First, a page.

Over 1,200 adults waiting three months-plus for counselling, says HSE
Peadar Tóibín blames staff shortages and mental healthcare cutbacks for delays
Peadar Tóibín TD: “What is most distressing is that these are very vulnerable people and children that need help urgently.” Photograph: Dara Mac Donaill
More than 1,200 adults who need to see a counsellor have been waiting for more than three months, according to the latest figures from the Health Service Executive.
Almost 300 people who have been referred for care have been waiting for more than six months, with the worst backlogs in the west of Ireland.
Meath West TD Peadar Tóibín, who obtained the figures from the HSE, said the waiting lists are a consequence of a lack of staff and Government spending on mental healthcare.
He said there were 2,560 children currently on the Child and Mental Health Service (CAMHS) waiting list, almost 300 of whom have been waiting more than a year to be seen.
In total, there are 3,345 adults on waiting lists for counselling services, according to the HSE, citing latest available figures.
Some 626 are waiting up to a month, another 1,457 are waiting up to three months, 974 for as long as six months and 288 still haven’t been seen by a counsellor after six months.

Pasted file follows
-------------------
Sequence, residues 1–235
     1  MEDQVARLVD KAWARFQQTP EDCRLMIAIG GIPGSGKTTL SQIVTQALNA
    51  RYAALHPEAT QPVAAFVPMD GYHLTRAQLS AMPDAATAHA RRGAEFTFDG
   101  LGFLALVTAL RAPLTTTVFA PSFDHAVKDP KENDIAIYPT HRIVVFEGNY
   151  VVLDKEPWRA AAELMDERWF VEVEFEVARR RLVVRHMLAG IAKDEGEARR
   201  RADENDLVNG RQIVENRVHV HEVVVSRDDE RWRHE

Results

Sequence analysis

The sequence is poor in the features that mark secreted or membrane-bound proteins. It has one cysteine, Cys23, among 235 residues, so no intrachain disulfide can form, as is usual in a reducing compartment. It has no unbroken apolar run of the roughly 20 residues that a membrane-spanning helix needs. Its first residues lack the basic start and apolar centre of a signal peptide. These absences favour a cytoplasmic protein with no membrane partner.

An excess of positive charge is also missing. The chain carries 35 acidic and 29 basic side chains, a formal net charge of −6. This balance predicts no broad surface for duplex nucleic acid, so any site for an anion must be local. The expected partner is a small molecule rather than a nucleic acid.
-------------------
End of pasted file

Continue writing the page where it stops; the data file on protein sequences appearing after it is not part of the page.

“This means that there are almost 6,000 people waiting for counselling services in the State. What is most distressing is that these are very vulnerable people and children that need help urgently, not a few months or a year down the road,” Mr Tóibín said.
A breakdown of the figures shows the vast majority (225) of those waiting for more than six months are in the west of Ireland. Another 365 in the west are waiting for as long as three months and 437 are waiting up to six months.
Next worst is north Dublin, where 263 are waiting up to three months and 158 for as long as six months. By comparison, parts of south Dublin and Wicklow have 14 waiting up to three months and just one for up to six months.
Almost 14 per cent of England’s health budget goes on mental health, according to its National Health Service, compared to just 6 per cent in Ireland.